A recognised refugee receiving disability insurance in Switzerland is entitled to claim disabled people’s child benefit, even if their children do not live in Switzerland, the Federal Court has ruled.
The Geneva Conventionexternal link on refugees, ratified by Switzerland, states that recognised refugees should be treated the same as Swiss citizens when it comes to social security issues, the courtexternal link said in a ruling made public on Fridayexternal link.
There is a federal decree that says children of refugees should be living in Switzerland to receive child benefit. But the children of Swiss citizens are not subject to this decision, therefore the decree goes against the Geneva Refugee Convention. In this case international law supersedes Swiss law. Where the children are living and their nationality should not be an issue for child benefit, the court said.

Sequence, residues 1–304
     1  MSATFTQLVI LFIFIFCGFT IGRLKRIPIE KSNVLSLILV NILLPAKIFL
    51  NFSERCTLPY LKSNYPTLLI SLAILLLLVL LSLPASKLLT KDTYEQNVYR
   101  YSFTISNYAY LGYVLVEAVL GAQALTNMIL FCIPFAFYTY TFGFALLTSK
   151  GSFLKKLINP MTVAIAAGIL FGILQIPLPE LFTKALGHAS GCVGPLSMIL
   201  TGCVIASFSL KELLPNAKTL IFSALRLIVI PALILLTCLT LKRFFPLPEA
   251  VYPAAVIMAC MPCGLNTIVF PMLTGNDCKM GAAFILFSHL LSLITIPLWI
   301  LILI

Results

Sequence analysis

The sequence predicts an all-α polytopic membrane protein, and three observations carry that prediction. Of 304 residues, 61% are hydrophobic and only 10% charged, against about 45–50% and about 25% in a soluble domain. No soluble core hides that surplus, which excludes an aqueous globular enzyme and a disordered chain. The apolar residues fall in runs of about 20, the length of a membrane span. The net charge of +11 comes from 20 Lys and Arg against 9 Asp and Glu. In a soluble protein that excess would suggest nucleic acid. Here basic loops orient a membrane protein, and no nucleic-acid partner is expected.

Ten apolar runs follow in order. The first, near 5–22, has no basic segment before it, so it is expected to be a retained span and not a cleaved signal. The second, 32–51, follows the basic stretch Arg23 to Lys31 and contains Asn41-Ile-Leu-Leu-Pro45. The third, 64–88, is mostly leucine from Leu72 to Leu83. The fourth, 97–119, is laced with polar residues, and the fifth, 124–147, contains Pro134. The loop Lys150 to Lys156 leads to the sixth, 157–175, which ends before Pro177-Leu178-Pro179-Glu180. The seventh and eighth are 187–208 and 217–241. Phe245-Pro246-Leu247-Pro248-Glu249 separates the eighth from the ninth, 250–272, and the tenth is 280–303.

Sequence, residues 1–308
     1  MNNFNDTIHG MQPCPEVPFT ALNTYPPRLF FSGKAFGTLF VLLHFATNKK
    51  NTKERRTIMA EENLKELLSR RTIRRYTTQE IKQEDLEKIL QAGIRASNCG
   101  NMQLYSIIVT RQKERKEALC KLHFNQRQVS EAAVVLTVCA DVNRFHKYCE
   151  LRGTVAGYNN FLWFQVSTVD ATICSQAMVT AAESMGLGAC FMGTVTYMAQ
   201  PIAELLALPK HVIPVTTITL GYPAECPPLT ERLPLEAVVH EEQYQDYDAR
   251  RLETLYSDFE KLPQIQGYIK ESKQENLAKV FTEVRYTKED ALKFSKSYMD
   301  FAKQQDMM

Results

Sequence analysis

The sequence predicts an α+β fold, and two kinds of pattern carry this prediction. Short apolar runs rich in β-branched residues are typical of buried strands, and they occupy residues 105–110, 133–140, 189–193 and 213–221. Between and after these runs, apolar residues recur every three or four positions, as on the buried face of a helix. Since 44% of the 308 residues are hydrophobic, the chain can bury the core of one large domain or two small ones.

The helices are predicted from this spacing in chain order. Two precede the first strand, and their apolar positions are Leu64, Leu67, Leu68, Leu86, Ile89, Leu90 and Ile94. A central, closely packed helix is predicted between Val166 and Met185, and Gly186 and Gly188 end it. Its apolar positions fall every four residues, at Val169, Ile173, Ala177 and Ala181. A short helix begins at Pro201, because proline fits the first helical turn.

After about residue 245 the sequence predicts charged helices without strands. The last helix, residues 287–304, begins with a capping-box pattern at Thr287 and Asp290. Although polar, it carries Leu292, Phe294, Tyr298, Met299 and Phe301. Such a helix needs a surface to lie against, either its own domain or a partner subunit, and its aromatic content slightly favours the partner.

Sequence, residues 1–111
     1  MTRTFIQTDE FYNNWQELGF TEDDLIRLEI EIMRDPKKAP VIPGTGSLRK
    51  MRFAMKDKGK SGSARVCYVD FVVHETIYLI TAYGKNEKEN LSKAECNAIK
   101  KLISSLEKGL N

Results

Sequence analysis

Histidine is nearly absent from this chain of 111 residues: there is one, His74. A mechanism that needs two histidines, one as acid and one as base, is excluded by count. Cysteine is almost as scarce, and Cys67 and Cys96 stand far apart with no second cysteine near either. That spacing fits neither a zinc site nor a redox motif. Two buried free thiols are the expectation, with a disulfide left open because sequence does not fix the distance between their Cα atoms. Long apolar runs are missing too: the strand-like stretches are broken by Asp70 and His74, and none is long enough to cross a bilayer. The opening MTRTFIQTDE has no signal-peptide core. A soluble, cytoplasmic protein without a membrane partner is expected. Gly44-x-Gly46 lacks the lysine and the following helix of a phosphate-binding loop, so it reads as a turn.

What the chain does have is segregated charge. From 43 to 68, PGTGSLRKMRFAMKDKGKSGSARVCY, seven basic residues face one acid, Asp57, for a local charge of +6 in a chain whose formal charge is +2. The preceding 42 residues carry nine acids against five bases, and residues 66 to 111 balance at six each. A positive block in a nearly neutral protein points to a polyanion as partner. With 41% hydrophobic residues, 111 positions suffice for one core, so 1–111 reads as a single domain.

The case concerned a man from Chad who was recognised as a refugee by Switzerland in 1994 and who has been receiving disability insurance since 2005. When he requested disabled people’s child benefit for his two daughters living in France with their mother, to whom he is not married, the authorities in Bern refused. The reason: the children had Chadian nationality and were living abroad.
The man went through the courts for his claim, ending up at Switzerland’s highest court. This has now sent the claim back to the relevant authorities in Bern.
Officials now have to look into whether all the conditions for issuing child benefit have been met, including whether the recognition of paternity issued in France is valid in Switzerland.